Categories: Ponderizations | Tags: , , | 2 Comments

In Search of Wisdom

Philippians 1:9-11 – “And it is my prayer that your love may abound more and more, with knowledge and all discernment, so that you may approve what is excellent, and so be pure and blameless for the day of Christ, filled with the fruit of righteousness that comes through Jesus Christ, to the glory and praise of God.”

I was puzzled at first by what it means for love to abound with knowledge and discernment, but after comparing a version or two and adding up two and one to make four, I think that it’s like saying, “May your salad abound more and more with cheese and olives.” It’s not that love produces knowledge and discernment, but that it needs them to be complete. (Yes, cheese and olives do complete salads.)

Sometimes loving someone means giving them temporary pain. (Take the proverbs about spanking your children, for example.) You have to have discernment and wisdom to know whether or not the pain will help them in the long run. Love alone without knowledge and discernment – in other words, wisdom – is not love at all. You see, real love is doing what is best for the other person rather than what’s best for yourself. However, without wisdom, you will do what will *feel best* for the other person – which may in time cause great harm rather than good.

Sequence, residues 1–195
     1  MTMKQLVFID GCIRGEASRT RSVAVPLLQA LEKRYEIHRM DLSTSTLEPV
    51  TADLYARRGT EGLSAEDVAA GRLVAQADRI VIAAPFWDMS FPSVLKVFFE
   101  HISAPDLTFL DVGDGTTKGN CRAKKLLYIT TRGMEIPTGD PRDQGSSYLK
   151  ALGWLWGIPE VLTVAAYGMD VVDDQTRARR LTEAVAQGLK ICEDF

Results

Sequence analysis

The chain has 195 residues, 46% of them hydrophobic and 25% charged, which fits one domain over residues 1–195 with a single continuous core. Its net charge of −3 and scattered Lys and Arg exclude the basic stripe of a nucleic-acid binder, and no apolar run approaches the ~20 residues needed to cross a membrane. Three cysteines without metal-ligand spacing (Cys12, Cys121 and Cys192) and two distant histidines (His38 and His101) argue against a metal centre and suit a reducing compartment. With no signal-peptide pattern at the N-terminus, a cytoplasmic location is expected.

You also have to have wisdom to know which people to love and which are not trustworthy. Proverbs 2:11-13 says,

“…discretion will watch over you, understanding will guard you, delivering you from the way of evil, from men of perverted speech, who forsake the paths of uprightness to walk in the ways of darkness…”

There are plenty of people in this world who are simply just not safe to be around, whether they’re just manipulative or legitimately dangerous. Without wisdom you’ll walk right into their clutches thinking that they just need love; and while that may be true, it’s no excuse for foolishly putting yourself into dark or dangerous situations. Sometimes the best way to love them is to steer clear and not be their next victim.

Alright, so Paul emphasized the need for wisdom along with love – what for? “SO THAT you may approve what is excellent…” So that you can recognize those things that are actually good. That particular phrase reminded me of Romans 12:2.

“Do not be conformed to this world, but be transformed by the renewal of your mind, that by testing you may discern what is the will of God, what is good and acceptable and perfect.”

You could also word it something like this… “Do not be conformed to this world’s standard of wisdom, but be transformed by the renewal of your mind, (receiving the wisdom from above), so that by testing you may discern…”

So, what is the “wisdom from above”? Noah Webster described wisdom like this:

“In scripture theology, wisdom is true religion; godliness; piety; the knowledge and fear of God, and sincere and uniform obedience to His commands. This is the wisdom which is from above.”

Proverbs 9:10 says,

“The fear of the Lord is the beginning of wisdom, and the knowledge of the Holy One is insight.”